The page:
How Starbucks, Kohl’s, and More Do Mobile Loyalty

Mobile tech makes loyalty a different game

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By the look of some people’s keychains, folks love their loyalty programs. That said, many of us have also gotten quite good at giving a polite “no thanks” to the store clerk’s ubiquitous “would you like to sign up?” offer. Most shoppers are now savvy enough to spot a rewards program that exists for the primary purpose of collecting and using our personal shopping information versus a program that actually saves us money, or offers us something legit in return.

For a loyalty program to be effective, customers have to benefit, tangibly, from the effort of signing up. That’s never been truer than now. Loyalty programs—even the simplest ones, like punch cards—are going mobile. There’s market saturation with mobile apps. We have access to more than we can possibly use. So, what’s the key to a successful mobile loyalty program?

To answer that question, we took a look at how a few well known companies get their mobile loyalty programs right. As we’ll see, these large brands adhered to some of the key tenets of customer engagement: employing authentic communication, putting the user experience first, understanding that one size does not fit every customer, and engaging customers in the right time and place.

Starbucks does mobile loyalty by listening and adjusting

Starbucks has a proprietary app that rewards loyal customers each time they shop, both with actual rewards, and also with a fully integrated and streamlined shopping experience. They’ve updated their rewards experience and app based on customer feedback. Take a look:

  • How the loyalty program works: As customers shop, they earn two points for every dollar spent. Formerly, customers received a star for every visit, but Starbucks changed the system in response to customer requests.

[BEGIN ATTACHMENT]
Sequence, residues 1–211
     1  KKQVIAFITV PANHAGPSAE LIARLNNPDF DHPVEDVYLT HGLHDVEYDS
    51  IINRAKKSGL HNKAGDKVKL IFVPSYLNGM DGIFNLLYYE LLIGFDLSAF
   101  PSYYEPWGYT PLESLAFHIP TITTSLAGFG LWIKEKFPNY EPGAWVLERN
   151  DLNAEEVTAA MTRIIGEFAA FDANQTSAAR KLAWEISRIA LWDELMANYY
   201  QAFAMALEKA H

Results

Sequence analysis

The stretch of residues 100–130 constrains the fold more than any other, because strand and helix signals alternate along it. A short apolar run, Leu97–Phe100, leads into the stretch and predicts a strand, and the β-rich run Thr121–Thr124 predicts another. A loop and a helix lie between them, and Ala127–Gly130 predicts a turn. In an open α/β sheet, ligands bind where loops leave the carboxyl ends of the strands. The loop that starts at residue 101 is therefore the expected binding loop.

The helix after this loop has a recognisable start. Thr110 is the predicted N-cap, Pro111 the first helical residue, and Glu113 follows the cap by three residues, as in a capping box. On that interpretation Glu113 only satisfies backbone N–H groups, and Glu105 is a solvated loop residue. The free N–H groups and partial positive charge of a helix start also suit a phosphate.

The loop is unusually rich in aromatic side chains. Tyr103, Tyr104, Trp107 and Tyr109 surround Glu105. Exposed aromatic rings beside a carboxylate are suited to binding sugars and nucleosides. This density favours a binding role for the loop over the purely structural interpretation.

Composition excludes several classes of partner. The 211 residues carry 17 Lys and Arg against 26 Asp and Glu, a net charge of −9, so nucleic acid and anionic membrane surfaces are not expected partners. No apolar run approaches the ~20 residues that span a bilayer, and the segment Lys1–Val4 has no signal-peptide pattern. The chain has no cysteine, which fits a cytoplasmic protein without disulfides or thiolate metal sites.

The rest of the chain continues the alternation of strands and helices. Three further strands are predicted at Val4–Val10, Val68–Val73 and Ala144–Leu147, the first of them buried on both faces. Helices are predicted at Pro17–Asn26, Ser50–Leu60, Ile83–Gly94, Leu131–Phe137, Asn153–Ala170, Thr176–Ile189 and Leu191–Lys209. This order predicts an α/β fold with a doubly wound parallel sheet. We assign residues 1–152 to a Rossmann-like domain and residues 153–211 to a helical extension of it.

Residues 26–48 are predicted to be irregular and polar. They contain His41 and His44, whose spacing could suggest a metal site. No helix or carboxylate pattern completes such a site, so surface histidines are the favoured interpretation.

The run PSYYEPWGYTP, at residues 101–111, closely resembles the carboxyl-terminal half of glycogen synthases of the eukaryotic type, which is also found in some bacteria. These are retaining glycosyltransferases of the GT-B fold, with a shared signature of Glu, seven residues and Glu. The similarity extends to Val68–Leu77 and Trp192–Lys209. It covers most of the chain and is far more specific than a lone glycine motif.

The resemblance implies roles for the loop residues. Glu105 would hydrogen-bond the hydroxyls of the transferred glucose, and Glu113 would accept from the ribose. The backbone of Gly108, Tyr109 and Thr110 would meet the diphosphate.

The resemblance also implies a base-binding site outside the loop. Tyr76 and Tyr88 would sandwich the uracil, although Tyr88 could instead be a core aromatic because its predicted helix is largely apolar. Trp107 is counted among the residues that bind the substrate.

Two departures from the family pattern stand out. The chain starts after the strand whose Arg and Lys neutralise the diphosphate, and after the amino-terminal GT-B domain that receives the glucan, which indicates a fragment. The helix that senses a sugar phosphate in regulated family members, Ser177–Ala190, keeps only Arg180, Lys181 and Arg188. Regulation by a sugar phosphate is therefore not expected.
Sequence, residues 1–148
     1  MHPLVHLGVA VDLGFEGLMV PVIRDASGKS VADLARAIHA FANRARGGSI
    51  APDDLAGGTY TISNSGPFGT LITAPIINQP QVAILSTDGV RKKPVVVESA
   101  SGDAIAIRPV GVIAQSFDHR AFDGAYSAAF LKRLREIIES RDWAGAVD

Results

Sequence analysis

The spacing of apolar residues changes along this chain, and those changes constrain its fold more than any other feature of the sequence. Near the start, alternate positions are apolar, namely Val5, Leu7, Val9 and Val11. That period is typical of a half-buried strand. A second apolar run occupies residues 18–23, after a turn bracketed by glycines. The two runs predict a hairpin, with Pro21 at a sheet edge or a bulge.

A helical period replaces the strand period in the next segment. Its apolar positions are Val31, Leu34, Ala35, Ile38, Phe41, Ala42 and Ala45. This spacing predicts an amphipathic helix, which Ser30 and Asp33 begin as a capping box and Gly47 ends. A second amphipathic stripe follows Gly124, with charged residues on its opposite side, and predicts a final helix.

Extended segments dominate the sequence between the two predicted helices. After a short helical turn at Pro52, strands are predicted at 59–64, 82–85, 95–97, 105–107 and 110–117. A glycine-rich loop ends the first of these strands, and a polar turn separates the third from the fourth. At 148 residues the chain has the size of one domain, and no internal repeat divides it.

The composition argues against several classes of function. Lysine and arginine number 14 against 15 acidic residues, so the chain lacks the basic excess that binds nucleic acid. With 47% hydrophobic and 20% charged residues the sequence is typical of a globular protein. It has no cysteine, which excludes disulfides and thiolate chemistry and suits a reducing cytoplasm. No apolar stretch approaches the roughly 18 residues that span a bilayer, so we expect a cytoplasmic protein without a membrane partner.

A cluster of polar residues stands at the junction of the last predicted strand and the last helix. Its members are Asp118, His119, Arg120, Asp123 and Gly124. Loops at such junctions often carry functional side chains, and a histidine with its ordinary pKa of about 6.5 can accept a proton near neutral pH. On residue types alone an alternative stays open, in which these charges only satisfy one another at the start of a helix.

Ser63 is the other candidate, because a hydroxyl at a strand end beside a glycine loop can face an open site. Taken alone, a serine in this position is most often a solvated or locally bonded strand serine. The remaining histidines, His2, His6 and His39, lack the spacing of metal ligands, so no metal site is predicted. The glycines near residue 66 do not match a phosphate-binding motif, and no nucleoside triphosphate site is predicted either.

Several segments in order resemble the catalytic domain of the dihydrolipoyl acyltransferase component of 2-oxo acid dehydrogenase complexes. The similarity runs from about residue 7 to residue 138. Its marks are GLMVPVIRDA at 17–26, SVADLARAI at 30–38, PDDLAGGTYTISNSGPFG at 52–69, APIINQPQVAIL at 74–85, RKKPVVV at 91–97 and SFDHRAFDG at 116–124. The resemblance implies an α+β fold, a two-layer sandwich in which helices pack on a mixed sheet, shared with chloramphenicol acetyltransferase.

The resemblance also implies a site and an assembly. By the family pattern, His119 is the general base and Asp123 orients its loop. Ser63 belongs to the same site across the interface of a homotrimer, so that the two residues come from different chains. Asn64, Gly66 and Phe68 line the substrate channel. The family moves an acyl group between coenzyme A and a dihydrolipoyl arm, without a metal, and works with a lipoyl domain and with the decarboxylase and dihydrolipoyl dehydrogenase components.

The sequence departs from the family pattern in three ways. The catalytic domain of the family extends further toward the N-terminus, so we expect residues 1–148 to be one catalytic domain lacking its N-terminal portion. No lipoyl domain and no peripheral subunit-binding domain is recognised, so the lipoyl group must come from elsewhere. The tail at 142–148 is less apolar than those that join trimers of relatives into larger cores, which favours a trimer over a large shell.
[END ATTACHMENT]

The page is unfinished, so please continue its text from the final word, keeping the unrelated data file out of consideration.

• What customers get: Approximately every $60 or so (or, approximately every 12 visits), Starbucks customers receive a free item.
  • How they take advantage of mobile: The Starbucks app makes it simple for customers to order their bevvie, snack, or merch before they get to the store, pay and tip online (through a connected Starbucks card), and refill their card through their mobile device. The app also has rewards built right in and takes advantage of in-app messaging to show customers when they’re getting closer to cashing in on their points.

Marketers take note: Starbucks listened to their customers. Shoppers were gaming the prior system by ringing up items individually to count “visits” per item, instead of actual visits. This slowed down lines, and made the customer’s experience…a bit silly. Customers asked to be rewarded for spending, instead of visiting, and Starbucks listened. By collecting data, and having a two-way communication with the masses, they’re working toward earning greater loyalty.

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Belly & LevelUp enhance customer interactions among small businesses

Not every brand can have as robust and proprietary an app as Starbucks. For others, there are off-the-shelf solutions like Belly and LevelUp. These apps function similarly to each other, though LevelUp integrates payments into their app.

  • How the loyalty programs work: Each business can define its own program, or run multiple programs at once to attract new customers, offer rebates for repeat shoppers, or reward a first purchase or a customer who’s spent a certain amount of money.
  • What customers get: This depends on how the business defines its programs, but there are always tangible rewards associated with both Belly and LevelUp in the form of money back, discounts, or free stuff.